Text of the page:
There are many rainforest monkeys to be found in the world’s tropics. Primates generally inhabit tropical jungles and are known to form complex social units; only orangutans, a few lemurs, and galagos live solitary lives. Most jungle monkeys live in troops.
Primates have highly dextrous hands and feet that make them well adapted to a life in the trees. Another adaptation of primates is a highly developed cerebral hemisphere, which allows a keen eyesight for jumping between trees. Jungle Monkeys have a flattened facial profile characteristic of most monkeys and apes.
Rainforest monkeys are split into two groups, the Old World monkeys and the New World monkeys. These groups are distinguished most easily by nose shape.
Jungle Monkeys of the Amazon Rainforest
In the Amazon Rainforest, you will find some very interesting primate species like woolly monkeys (Lagothrix). These are a large monkey that lives in mixed sex groups and has a thick, furry appearance. Woolly monkeys require a large area to live, which makes them particularly susceptible to the pressures of deforestation.
You may also find black spider monkeys that live in large troops in western Amazon Rainforest. You can identify this rainforest monkey by its black hair and facial skin.
Often heard and not seen, howler monkeys are an iconic monkey of the Amazon Rainforest. The largest are the attractive red howlers whose calls can carry for 1.25 miles (2km). Howlers spend most of the day resting in the tree tops to conserve energy, and to digest the diverse amount of fruits and leaves they consume.
Night monkeys are a welcomed monkey to encounter in the forest, and on night walks in the Amazon Rainforest you may see their friendly heads poking out of tree holes to identify who and what you are. These are the only nocturnal monkey and they live in male-female pairs.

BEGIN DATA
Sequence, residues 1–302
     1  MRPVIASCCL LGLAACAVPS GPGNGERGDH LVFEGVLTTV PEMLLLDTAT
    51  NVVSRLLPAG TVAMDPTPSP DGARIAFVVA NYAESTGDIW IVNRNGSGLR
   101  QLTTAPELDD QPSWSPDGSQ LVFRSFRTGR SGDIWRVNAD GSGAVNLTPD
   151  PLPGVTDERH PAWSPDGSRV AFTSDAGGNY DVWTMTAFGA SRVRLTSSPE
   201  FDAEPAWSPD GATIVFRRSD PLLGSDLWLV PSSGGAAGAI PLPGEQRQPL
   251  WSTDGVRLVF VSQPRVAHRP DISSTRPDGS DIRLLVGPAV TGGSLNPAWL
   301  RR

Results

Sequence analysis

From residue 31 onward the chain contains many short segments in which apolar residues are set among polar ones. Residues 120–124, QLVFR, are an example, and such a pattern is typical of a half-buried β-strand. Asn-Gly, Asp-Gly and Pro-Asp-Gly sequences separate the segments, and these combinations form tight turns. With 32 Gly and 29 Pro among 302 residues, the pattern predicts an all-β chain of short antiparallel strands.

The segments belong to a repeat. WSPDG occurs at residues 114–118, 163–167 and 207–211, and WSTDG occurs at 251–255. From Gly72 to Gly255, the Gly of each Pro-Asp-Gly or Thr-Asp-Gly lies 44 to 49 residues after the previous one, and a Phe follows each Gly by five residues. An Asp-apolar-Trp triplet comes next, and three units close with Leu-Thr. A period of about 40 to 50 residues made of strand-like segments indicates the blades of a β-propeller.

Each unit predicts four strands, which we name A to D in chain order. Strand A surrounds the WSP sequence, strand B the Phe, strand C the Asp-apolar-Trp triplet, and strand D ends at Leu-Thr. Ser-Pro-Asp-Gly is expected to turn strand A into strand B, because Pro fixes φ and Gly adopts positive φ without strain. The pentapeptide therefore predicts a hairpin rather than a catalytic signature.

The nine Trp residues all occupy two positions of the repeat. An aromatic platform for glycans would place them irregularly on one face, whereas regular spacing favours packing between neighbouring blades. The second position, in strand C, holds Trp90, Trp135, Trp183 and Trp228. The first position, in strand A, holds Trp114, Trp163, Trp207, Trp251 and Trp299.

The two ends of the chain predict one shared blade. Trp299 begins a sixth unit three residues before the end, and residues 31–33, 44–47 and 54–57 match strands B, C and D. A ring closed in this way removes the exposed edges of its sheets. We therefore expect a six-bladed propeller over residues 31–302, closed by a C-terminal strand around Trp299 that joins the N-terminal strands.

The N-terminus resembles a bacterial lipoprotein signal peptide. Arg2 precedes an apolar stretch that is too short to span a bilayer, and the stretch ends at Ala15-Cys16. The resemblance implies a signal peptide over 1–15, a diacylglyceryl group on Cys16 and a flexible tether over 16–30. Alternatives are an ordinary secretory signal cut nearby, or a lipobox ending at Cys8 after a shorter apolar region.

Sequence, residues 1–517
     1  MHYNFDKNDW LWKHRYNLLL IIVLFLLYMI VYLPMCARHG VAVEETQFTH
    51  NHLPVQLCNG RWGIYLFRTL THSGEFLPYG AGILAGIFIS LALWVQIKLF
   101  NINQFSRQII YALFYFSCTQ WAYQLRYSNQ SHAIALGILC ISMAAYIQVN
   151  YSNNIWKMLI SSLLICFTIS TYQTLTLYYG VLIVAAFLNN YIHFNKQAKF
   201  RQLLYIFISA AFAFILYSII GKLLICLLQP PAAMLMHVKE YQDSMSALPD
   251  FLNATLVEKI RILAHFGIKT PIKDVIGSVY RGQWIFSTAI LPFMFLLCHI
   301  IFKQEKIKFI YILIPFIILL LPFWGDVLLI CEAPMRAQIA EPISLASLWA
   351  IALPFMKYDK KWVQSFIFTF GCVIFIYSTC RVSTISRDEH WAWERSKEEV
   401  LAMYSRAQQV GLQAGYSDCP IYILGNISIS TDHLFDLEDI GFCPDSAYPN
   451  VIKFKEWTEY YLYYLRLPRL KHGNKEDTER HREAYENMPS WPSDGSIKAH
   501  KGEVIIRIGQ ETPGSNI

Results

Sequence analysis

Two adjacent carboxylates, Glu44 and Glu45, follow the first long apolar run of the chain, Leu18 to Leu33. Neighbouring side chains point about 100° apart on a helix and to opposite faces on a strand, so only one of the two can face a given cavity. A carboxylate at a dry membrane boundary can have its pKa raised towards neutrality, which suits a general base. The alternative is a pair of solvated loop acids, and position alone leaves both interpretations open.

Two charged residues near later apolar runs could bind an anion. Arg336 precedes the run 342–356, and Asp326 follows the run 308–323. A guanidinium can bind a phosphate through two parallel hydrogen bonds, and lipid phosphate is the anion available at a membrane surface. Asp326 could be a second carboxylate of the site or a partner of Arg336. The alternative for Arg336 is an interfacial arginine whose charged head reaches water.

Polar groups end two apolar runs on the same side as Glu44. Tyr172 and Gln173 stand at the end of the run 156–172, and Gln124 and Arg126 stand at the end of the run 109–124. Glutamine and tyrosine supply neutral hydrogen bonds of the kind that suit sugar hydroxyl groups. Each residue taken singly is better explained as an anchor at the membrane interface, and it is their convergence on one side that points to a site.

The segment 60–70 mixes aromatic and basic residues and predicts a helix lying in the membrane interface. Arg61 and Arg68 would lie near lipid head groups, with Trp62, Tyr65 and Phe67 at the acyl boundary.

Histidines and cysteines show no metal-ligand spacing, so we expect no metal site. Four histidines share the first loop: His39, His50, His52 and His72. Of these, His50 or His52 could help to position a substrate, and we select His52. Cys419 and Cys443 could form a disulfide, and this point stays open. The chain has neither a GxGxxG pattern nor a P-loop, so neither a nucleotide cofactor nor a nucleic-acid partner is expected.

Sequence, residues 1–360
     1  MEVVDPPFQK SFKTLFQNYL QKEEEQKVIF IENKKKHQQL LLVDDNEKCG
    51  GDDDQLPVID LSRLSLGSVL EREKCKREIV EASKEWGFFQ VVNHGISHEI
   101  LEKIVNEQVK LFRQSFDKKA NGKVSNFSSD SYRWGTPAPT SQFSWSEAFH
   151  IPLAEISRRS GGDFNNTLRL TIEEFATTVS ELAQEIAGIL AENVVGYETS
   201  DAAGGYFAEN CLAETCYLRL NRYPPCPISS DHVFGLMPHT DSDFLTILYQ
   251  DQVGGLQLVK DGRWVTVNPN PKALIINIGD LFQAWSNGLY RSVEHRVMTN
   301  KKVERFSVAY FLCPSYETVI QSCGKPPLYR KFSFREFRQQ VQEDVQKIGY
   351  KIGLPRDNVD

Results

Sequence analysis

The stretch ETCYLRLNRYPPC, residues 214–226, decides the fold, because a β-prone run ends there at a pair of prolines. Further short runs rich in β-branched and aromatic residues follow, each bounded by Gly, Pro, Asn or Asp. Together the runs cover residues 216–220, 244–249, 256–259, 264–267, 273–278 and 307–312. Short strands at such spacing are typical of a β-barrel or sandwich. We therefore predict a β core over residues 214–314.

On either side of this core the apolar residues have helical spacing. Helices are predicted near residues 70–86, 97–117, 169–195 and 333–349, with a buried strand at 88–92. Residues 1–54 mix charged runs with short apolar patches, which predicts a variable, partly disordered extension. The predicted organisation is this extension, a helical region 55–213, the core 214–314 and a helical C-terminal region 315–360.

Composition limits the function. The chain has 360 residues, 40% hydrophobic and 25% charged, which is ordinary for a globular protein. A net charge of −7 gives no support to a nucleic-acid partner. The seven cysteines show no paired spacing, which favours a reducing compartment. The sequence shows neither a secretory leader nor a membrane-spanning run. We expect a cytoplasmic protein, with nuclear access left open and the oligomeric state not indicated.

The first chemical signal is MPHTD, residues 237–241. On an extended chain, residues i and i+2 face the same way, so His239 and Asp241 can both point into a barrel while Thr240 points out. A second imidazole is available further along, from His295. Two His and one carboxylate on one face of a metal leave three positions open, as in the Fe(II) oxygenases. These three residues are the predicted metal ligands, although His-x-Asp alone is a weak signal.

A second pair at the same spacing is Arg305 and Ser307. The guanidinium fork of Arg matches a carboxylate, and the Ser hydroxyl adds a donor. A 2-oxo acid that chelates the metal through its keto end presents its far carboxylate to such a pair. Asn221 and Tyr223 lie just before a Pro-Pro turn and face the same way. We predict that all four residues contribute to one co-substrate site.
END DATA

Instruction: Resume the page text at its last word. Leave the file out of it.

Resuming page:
Other monkeys of the Amazon Rainforest include marmosets and tamarins, the Uakari, named by a now extinct tribe, and the mischievous capuchin monkeys, which were a friend of Friar Hector at the Alto del Aguila mentioned in the article on Amazon Rainforest Attractions.
When on hikes in the Amazon Rainforest, squirrel monkeys will be responsible for throwing small sticks and leaves as you pass near their troop. It brings a smile to your face during a long hike when you feel something small hitting your hat, and look up and see several curious squirrel monkeys following you through the forest. These monkeys sometimes live in very large groups over 100 strong.
The majority of these rainforest monkeys can be observed in their natural habitat on a privately guided tour of the Tamshiyacu Tahuayo Reserve in the Peruvian Amazon Rainforest.
Jungle Monkeys of the Asian Rainforest
The proboscis monkey is perhaps the most recognisable monkey of the asian rainforest. They live in very particular regions in lowland rainforest, mangrove swamps and the coast of Borneo. Generally, they live in a troop of one male and 6 females with their young. They feed on vegetation and have enlarged stomaches full of digesting leaves. Despite this, their display seems rather uncomfortable and can involve jumping from height into bodies of water.
Macaques are a fairly common rainforest monkey to encounter in south east Asia. They are generally good climbers and proficient swimmers. The long-tailed macaque is southeast Asia’s most common monkey and can exploit human habitation well. Their success may be intrinsically tied to their diverse diet.
Jungle Monkeys of the Congo Rainforest
Rainforest monkeys in the Congo include the Mandrill (above), which has an attractive light blue and red facial pattern. The male mandrill is the largest of all monkeys and reaches about 60 cm (23.5 in). They live in groups spending most of their time searcing on the forest floor for small animals, seeds, fruits and nuts.
Mangabeys forage for fruit and seeds and prefer to live close to water. They are less of a tree dweller than their cousins and prefer life on the ground. Their powerful teeth easily crack into most hard nuts.
Rainforest monkeys are a popular wildlife encounter in the world’s tropics. Their popularity may be linked to their often flat human-like faces. The Old World monkeys are more closely related to apes than their New World cousins and there are several anatomical features that distinguishes the two groups.